“I am not feeling the love!” is a common exclamation in public relations (PR).
This utterance is bidirectional. CEOs say it to PR advisors when they don’t get the favorable coverage anticipated for their companies and/or themselves as the result of a PR initiative. PR professionals tend to mutter it to themselves when their contributions demonstrably increase awareness or their adroit crisis management efforts avert a brand perception disaster yet go unrecognized.
The saying “where one stands depends on where one sat” helps explain the perception gap between the value delivered by PR versus the value perceived by CEOs. Whether we like it or not, perception tends to trump reality. To quote the movie Cool Hand Luke, “What we have here is a failure to communicate.” How ironic this is, given that the purpose of public relations is to create and convey impactful communications.
At Bospar, experience has taught us how to best interact with CEOs and other C-levels to bridge the expectations versus reality gap. It entails upfront discussions of misconceptions that executives may have about PR. This includes reaching an understanding about roles and responsibilities, capabilities (human and technical), deliverables and metrics for determining success. It may sound cliché, but great things do happen when everyone is singing from the same hymnbook from start to finish.
Clearing up the misconceptions
In no particular order — and while recognizing that this is a bidirectional communications challenge where the parties need to listen and then act on agreed-upon roles and responsibilities — below are few select “perception versus reality” misconceptions Bospar has encountered. These examples should enable PR agencies and CEOs to avoid destructive misunderstandings. In fact, they should facilitate a win/win relationship in good times as well as when business problems arise.
Perception: “We don’t have a budget for PR but want to grow our awareness.”
Reality: The old saying “You have to spend money to make money” applies. Just putting a press release on the internet (regardless of channel) without a media optimization plan and expecting great things to happen is fantasy. The press may glamorize things that go viral, but the overwhelming majority of videos, blogs, RSS feeds, tweets and other social interactions that get traction are not actions of happenstance. They are the byproduct of intensive planning and timely, compelling execution.
Perception:“Why are our competitors always mentioned in articles and we are not?”
Reality: In two words: RELATIONSHIP MANAGEMENT.Competitors are mentioned because — thanks to CEO appreciation of PR’s gateway/gatekeeper role in managing the relationships with industry influencers of all types — they know how to have the right person say the right things to the right people at the right time. This includes knowing when and how to interact, since influencers don’t like being hit-and-run victims.
Perception:“If we could only get on the front page of The Wall Street Journal…”
Reality: That is the ultimate prime business media real estate reserved for developments with enormous importance and impact. A nice aspirational goal is to have something of substance that this newspaper wants to put on its front page.
Perception: “Everything we do is newsworthy and deserves media attention.”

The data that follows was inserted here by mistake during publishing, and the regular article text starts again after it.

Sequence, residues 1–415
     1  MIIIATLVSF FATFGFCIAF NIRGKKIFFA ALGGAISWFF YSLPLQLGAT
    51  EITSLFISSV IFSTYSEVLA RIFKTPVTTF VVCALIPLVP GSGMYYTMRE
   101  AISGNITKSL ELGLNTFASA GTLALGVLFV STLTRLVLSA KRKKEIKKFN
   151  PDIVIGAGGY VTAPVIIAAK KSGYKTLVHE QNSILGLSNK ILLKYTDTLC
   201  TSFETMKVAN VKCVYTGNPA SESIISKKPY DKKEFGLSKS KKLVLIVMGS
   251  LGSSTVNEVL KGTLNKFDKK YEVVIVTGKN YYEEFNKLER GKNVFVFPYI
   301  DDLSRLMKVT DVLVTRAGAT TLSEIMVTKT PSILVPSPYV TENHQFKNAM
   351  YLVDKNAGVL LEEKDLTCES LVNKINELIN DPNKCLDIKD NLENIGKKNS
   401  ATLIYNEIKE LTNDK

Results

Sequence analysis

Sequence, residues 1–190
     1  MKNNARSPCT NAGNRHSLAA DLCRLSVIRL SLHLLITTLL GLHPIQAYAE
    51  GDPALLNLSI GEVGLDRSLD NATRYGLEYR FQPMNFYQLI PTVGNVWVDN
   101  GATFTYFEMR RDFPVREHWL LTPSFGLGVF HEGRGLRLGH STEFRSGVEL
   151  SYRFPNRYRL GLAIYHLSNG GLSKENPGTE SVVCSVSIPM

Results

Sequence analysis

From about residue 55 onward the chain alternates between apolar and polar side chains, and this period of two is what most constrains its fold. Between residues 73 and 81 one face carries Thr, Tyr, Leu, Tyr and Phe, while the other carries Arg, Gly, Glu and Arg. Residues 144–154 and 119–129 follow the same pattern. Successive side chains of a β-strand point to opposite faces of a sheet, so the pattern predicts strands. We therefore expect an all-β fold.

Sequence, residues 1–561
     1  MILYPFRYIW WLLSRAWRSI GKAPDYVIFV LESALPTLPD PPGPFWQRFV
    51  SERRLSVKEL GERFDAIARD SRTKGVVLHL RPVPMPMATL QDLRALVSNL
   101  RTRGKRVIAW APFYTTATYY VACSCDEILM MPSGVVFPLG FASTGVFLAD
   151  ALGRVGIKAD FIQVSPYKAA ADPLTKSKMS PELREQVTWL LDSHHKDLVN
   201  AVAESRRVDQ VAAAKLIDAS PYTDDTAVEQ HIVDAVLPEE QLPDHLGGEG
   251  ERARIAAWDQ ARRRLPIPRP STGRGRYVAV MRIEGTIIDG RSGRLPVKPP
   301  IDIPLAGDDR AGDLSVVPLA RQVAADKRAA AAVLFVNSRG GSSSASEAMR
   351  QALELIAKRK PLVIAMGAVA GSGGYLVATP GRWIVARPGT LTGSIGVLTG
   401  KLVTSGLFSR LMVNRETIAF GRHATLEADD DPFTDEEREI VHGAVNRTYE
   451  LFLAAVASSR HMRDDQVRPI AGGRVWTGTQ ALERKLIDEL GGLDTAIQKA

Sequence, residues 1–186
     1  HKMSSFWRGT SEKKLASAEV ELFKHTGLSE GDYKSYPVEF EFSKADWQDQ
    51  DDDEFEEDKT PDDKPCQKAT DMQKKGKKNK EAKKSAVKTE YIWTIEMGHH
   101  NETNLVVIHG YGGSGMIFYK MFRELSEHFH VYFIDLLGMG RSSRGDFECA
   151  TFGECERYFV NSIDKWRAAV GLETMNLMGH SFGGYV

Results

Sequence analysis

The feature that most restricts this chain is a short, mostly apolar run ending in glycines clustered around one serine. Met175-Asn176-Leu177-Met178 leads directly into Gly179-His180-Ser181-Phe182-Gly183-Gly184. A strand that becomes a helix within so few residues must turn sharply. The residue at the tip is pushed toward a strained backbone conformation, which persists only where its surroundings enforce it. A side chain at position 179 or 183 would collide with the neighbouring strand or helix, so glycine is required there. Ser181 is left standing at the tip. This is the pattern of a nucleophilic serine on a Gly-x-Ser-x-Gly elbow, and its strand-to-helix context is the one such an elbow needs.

Reality: No, sorry! Plus, too many media blasts are akin to the boy who cried wolf too often. When something truly newsworthy happens, there is still the strong possibility of being ignored. It is also why relationship management matters.
Perception:“Our solution is the most disruptive!”
Reality: Declaratory statements without facts and objective, third-party validation are the bane of journalists’ existence. Claims including “most” or “first” can be a very risky business, like to do more harm than good.
Perception:“I am the CEO. I don’t need to prepare for an interview.”
Reality: Total arrogance and ignorance of what happens in the media meat grinder leads to a predictable result.Everyone needs to prepare for an interview. Period.Preparation should include interview role-playing and a messaging review.
Perception:“We have approval rights to a story before it goes live.”
Reality:Only if this is negotiated. Truthfully, the most influential journalists are the least likely to agree to this. And insisting on an advance review will damage the relationship with the journalist.
Perception:“Lots of reporters showed up for Apple’s product launch. So, let’s throw our own launch party and invite them. Why don’t we have a press conference?”
Reality:When your market share or thought leadership is clearly recognized, party or press conference attendance by the media is mandatory. Press events sponsored by the other 99 percent of companies fail.
One last reality check
There is a distinct difference CEOs must fully comprehend between “PR, the messaging deliverable” and “PR, the multi-faceted, mission-critical brand stewardship functionality” whose caretakers need to have a seat at the table and who deserve respect for their roles as advisors.
Yes, PR is responsible for producing “stuff.” But PR is so much more. If there is an absence of CEO appreciation for PR’s critical and varied role, PR is probably not merely underused; it’s likely being misused.
But misconceptions no longer exist when clients see PR as:
- the gateway/gatekeeper (relationship managers) of media access to the company
- the experts on proper training and execution of executive interactions with media of all types
- the front line for evaluating “market buzz” from the press, industry analysts, social media, and various stakeholders
CEOs and PR pros alike need to feel the love. Mutual respect and a clear understanding of what PR can and cannot do are the keys to successful partnerships.